“Who Doesn’t Belong Anywhere, Has a Chance Everywhere”: The Formative Years of Emilie Haspels in Greece.Posted: November 1, 2020 Filed under: Archaeology, Archival Research, Biography, History of Archaeology, Philhellenism, Women's Studies | Tags: Emilie Haspels, Francis H. Bacon, John Beazley, Wilhelm Dörpfeld, Winifred Lamb 3 Comments
BY FILIZ SONGU
Filiz Songu studied archaeology in Izmir and Ankara. As an independent scholar, she works for the Allard Pierson in Amsterdam and is a staff member of the Plakari Archaeological Project in Southern Euboia. She just completed her biographical research into the life and work of Dutch archaeologist Emilie Haspels. In her contribution to From the Archivist’s Notebook, she discusses Haspels’s early formative years in pre-WW II Greece, and the challenges she and other women archaeologists of her time met in a male-dominated field. Since Haspels worked with many foreign archaeological schools in Greece, Songu’s essay is literally a “Who’s Who” of foreign archaeology in interwar Greece.
Caroline Henriëtte Emilie Haspels (1894–1980) was a prominent classical archaeologist in the Netherlands in the decades after WW II. She was the first female professor of Archaeology at the University of Amsterdam and the first female director of the Allard Pierson Museum. Most scholars know her from her study The Highlands of Phrygia. Sites and Monuments (1971), which is still a reference work on the rock-cut monuments in the Phrygian Highlands in central Turkey. For another group of academicians, Emilie Haspels is known for her other classic publication, Attic Black-Figured Lekythoi (1936).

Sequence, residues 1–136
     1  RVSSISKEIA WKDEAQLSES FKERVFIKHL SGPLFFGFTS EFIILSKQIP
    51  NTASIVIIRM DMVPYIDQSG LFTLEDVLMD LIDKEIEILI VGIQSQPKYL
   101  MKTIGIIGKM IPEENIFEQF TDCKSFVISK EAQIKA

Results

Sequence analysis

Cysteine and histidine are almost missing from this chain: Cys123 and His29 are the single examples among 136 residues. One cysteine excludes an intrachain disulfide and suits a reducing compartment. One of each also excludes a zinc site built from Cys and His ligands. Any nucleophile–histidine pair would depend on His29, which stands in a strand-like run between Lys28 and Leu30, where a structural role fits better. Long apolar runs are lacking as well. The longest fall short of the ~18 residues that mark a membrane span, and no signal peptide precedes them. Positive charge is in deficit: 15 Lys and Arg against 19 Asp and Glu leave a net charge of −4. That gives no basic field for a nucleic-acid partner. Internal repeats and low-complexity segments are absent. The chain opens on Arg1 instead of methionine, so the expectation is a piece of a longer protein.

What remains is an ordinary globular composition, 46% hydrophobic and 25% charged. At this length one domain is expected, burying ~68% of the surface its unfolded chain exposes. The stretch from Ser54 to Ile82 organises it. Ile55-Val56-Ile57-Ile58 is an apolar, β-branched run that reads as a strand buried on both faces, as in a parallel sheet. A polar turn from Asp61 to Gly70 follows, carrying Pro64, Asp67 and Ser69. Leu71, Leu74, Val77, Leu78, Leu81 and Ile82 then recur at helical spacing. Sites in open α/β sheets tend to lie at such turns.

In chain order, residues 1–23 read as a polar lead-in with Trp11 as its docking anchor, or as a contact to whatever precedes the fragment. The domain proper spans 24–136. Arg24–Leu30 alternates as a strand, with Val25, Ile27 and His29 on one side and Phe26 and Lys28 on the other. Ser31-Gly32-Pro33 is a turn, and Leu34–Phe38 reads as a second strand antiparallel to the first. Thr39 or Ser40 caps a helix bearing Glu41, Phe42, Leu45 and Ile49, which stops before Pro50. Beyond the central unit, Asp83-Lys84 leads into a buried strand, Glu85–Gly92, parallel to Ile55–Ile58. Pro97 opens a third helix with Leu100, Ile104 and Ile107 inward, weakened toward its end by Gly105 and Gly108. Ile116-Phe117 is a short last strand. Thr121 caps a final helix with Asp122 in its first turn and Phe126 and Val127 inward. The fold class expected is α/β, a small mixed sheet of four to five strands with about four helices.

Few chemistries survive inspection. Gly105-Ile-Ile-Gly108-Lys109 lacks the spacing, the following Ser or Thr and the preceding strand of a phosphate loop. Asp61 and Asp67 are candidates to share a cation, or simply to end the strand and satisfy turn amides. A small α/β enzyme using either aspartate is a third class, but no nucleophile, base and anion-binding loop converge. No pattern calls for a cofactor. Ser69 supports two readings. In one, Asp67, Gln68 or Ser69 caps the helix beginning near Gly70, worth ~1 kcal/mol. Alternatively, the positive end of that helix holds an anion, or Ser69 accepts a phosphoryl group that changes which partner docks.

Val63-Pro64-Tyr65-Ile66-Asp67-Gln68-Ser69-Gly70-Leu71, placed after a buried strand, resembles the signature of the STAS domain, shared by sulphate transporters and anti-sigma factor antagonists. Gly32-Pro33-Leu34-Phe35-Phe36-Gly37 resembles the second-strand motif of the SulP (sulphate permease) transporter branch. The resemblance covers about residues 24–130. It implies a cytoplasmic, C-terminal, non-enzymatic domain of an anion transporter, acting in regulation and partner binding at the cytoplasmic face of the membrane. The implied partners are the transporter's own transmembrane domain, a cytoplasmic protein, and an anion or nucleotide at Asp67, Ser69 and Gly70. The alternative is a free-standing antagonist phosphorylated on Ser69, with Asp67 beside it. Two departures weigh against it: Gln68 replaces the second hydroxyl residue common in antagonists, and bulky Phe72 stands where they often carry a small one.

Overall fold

One may wonder what the connection is between these two widely differing fields of specialization. When I started my biographical research into the life and work of Emilie Haspels, my original focus was on her pioneering fieldwork in Turkey. However, when I dug deeper into her personal documents, I discovered more about other significant periods of her life. Her archive provided glimpses of, for instance, her time in Shanghai in 1925–26, and her enforced stay in Istanbul during WW II. It shows how the twists and turns of history affected both her private and her academic life. Key to understanding her archaeological carrier is what I like to call her “Greek period.” The years she spent in Greece in the 1930s doing her PhD research appear to be her formative years as an archaeologist. With the field experience and special skills she acquired in Greece, she paved the way, perhaps unconsciously, to the Phrygian Highlands, which became her life’s work. It was also during her Greek period that she started to build up a wide international network. Haspels’s personal documents and correspondence in various Dutch archives provide complementary information about the scholarly community in pre-WW II Athens and connect with the writings in Natalia Vogeikoff-Brogan’s blog.
Becoming an Archaeologist
Haspels’s Greek period started in the spring of 1929 with her arrival in Athens as a foreign member of the French School. A little about her academic background may be useful here. Haspels had studied Classics at the University of Amsterdam between 1912 and 1923. She minored in Ancient History and Classical Archaeology, attending Jan Six’s classes.Read the rest of this entry »